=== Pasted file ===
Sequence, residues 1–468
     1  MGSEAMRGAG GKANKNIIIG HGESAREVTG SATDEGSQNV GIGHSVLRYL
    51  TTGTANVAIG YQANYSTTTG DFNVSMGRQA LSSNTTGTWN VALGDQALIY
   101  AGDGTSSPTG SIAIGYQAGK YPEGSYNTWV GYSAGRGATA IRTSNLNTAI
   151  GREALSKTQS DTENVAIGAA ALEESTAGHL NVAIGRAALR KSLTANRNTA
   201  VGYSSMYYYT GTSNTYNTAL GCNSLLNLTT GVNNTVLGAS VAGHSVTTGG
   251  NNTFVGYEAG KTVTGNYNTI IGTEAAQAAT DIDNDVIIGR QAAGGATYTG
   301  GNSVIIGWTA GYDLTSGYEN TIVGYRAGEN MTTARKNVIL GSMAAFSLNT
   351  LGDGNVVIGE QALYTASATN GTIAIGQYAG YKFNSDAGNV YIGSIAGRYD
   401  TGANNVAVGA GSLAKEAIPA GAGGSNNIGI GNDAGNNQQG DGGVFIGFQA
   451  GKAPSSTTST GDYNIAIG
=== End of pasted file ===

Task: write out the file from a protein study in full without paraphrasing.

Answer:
Sequence, residues 1–468
     1  MGSEAMRGAG GKANKNIIIG HGESAREVTG SATDEGSQNV GIGHSVLRYL
    51  TTGTANVAIG YQANYSTTTG DFNVSMGRQA LSSNTTGTWN VALGDQALIY
   101  AGDGTSSPTG SIAIGYQAGK YPEGSYNTWV GYSAGRGATA IRTSNLNTAI
   151  GREALSKTQS DTENVAIGAA ALEESTAGHL NVAIGRAALR KSLTANRNTA
   201  VGYSSMYYYT GTSNTYNTAL GCNSLLNLTT GVNNTVLGAS VAGHSVTTGG
   251  NNTFVGYEAG KTVTGNYNTI IGTEAAQAAT DIDNDVIIGR QAAGGATYTG
   301  GNSVIIGWTA GYDLTSGYEN TIVGYRAGEN MTTARKNVIL GSMAAFSLNT
   351  LGDGNVVIGE QALYTASATN GTIAIGQYAG YKFNSDAGNV YIGSIAGRYD
   401  TGANNVAVGA GSLAKEAIPA GAGGSNNIGI GNDAGNNQQG DGGVFIGFQA
   451  GKAPSSTTST GDYNIAIG